The Amakhala Game Reserve, just north of Port Elizabeth and close to Addo Elephant National Park in the malaria-free Eastern Cape, has four rather special lodges on it. Bush Lodge, Safari Lodge, Woodbury Lodge and Leeuwenbosch Country House are certified by Fair Trade in Tourism.

Did you know?

Ancient dinosaur fossils have been discovered in the Amakhala Game Reserve.

Five of South Africa’s seven plant biomes are found in the Eastern Cape. Here the botany is almost as compelling as the Big Five attractions.

These same ecosystems are found within Amakhala Game Reserve, not far from Grahamstown. Here you’ll find dense thickets of valley bushveld, thorn-tree savannahs, sweeping grasslands, knots of forests and hardy Nama Karoo.

Punctuating it are spectacular aloes and candelabra euphorbias, with the Big Five animals rambling through it all.

Within this malaria-free diversity on the Amakhala Game Reserve are four lodges certified by Fair Trade in Tourism.

All four collaborate on conservation matters, HIV/AIDS education and other ways of uplifting the community. The four lodges (marketed under Amakhala’s Heritage Collection) also support local businesses. They include a needlework entrepreneur, a small laundry and a group of women who do beading to generate funds for education bursaries.

Bush Lodge and Safari Lodge are both five-star. Think private plunge pools, fireplaces, romantic double indoor and outdoor showers, and game-viewing decks. Then there’s access to the magical Whisper Room, a place to be pampered and massaged.

Leeuwenbosch Country House, which has four stars, is owned and run by the Fowlds family, who have lived here for five generations, dating back to the family of William Fowlds, who arrived with the 1820 Settlers. This beautiful old house offers five en-suite rooms.

Woodbury Lodge, also four-star, is an elegant stone-and-thatch lodge with spectacular views over the Bushman's River valley. Elephants and other wild animals often pass by, and the suites are designed so that you can view from your own deck.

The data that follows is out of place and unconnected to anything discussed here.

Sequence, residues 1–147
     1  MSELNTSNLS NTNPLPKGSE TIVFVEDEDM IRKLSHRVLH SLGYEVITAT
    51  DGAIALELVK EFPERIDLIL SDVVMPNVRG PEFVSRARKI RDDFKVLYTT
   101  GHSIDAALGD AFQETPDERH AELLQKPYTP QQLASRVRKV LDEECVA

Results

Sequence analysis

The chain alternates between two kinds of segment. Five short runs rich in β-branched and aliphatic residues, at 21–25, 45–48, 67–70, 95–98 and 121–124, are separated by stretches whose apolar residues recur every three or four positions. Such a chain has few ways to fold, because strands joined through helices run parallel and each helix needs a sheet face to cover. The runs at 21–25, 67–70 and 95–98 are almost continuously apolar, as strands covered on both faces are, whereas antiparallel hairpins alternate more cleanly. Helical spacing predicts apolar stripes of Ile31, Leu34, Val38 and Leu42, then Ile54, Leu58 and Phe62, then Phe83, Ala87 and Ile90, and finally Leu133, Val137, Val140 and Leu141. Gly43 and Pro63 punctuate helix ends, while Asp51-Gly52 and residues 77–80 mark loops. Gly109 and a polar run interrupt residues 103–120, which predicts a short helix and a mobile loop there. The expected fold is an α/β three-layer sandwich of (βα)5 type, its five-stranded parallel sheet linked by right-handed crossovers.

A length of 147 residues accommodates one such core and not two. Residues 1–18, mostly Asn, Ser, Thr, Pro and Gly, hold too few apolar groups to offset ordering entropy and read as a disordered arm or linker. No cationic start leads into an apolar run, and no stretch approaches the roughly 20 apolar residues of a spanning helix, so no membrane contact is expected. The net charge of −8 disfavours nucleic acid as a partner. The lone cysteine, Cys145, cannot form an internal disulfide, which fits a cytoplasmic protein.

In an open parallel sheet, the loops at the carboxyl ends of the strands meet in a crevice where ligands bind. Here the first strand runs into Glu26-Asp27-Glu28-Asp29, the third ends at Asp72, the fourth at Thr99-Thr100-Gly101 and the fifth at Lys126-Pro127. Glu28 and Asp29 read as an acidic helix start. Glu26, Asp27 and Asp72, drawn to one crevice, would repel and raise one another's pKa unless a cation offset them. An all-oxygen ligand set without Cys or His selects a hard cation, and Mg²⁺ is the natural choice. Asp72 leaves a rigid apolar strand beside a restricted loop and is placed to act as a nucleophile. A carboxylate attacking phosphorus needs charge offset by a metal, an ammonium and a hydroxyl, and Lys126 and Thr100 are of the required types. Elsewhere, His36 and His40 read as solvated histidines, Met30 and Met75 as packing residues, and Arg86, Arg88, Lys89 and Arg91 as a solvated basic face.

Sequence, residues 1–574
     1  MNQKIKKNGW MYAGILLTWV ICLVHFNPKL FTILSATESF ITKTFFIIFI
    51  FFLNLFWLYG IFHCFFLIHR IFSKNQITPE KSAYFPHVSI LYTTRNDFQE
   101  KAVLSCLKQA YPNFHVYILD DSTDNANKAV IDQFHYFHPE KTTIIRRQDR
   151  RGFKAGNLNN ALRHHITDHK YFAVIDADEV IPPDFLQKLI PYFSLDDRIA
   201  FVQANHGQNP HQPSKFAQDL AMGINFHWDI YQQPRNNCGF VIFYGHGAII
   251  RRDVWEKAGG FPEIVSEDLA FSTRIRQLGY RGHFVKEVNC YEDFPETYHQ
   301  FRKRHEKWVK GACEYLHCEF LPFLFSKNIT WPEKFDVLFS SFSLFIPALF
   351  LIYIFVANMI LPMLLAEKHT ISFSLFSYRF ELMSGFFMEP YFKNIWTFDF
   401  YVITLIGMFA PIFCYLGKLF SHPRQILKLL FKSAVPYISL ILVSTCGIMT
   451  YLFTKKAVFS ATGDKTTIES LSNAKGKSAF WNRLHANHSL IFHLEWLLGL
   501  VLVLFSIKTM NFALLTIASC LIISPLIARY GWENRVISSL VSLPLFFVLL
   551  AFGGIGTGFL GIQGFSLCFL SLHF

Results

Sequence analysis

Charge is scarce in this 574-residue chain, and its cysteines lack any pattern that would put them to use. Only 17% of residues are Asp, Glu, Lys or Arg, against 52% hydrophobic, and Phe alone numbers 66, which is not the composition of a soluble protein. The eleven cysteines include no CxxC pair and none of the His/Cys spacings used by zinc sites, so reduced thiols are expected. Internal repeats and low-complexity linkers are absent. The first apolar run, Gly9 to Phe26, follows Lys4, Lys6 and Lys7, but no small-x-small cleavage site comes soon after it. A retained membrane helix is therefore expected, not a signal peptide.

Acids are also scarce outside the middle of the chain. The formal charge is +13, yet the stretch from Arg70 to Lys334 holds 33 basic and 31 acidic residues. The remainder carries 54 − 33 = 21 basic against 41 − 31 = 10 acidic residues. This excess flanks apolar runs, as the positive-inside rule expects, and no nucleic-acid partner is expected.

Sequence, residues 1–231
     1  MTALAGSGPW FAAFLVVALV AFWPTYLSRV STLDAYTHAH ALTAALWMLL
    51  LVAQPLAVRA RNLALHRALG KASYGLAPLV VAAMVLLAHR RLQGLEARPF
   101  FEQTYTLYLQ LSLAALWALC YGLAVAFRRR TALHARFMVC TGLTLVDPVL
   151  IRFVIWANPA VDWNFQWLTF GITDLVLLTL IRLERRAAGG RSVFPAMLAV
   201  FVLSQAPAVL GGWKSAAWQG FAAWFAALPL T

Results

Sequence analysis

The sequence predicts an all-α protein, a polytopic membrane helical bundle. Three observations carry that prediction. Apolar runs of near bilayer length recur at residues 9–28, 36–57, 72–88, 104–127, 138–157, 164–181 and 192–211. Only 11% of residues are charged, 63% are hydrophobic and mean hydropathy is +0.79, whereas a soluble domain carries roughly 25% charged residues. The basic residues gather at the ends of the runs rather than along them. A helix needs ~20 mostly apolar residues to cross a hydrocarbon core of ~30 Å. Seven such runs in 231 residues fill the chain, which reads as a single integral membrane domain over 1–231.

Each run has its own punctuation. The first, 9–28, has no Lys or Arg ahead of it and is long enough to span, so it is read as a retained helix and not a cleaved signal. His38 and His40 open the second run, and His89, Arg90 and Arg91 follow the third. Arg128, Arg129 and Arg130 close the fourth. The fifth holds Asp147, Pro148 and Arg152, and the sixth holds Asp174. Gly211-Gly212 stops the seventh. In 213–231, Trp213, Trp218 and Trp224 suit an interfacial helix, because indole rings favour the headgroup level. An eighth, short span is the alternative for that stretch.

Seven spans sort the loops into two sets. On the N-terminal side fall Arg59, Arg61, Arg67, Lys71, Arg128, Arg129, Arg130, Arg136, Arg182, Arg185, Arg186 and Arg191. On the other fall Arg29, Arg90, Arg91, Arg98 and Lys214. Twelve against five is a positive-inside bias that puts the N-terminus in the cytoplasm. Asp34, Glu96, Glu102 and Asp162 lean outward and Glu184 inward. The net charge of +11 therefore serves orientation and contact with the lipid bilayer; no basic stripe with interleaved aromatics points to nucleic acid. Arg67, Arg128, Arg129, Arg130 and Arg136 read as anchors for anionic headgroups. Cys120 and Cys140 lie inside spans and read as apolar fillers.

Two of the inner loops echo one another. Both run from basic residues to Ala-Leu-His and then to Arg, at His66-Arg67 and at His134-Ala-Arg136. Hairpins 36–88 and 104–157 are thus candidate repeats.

As you’d expect from lodges with an emphasis on holistic care for the community and environment, on game drives it’s not just about the Big Five and other charismatic beasts like cheetahs and hyenas. The guides will also draw your attention to monkeys, tortoises, shy bat-eared foxes, mongooses and even dung beetles.

Travel tips & Planning info

Who to contact

Amakhala Game Reserve
Tel: +27 (0)46 636 2750
Fax: +27 (0)86 694 6895

How to get here

One of the attractions of Amakhala is its proximity to Port Elizabeth (the nearest airport). From Port Elizabeth, take the N2 north-east. After about 50km, take the well-signposted road towards Grahamstown. After about 13km, you will start seeing signs for the various Amakhala lodges along the way.

Best time to visit

Amakhala is good to visit any time of year. Bear in mind, however, that winters (May to August) can have very cold nights. As a plus, however, this is when the spectacular aloe feroxes are in crimson flower. Midsummer (December to February) can also be very hot, but temperatures cool down at night.

Around the area

You’re very close to the Addo Elephant National Park and in an area of intriguing frontier history. Amakhala can organise an elephant-back safari at Addo, if you’re interested.

Golfers might opt for the spectacular Gary Player-designed 18 hole course at Bushman Sands, only 40 minutes’ drive away.

Tours to do

If you’re interested in history, Amakhala can put you in touch with Shield Tours, through which you can find out about the fascinating Frontier Wars fought from 1779 to 1878.

Get around

Once at the lodge of your choice, you will be transported in 4x4 game-viewing vehicles.

What will it cost

Depending on which lodge you choose, and seasonality, rates vary from approx. R2 080 to R4 200 per person per night.

If you’d just prefer a day visit – which includes a buffet meal, a game drive and a river cruise – it will cost R980 per person.

Length of stay

Set aside at least 2 or 3 nights.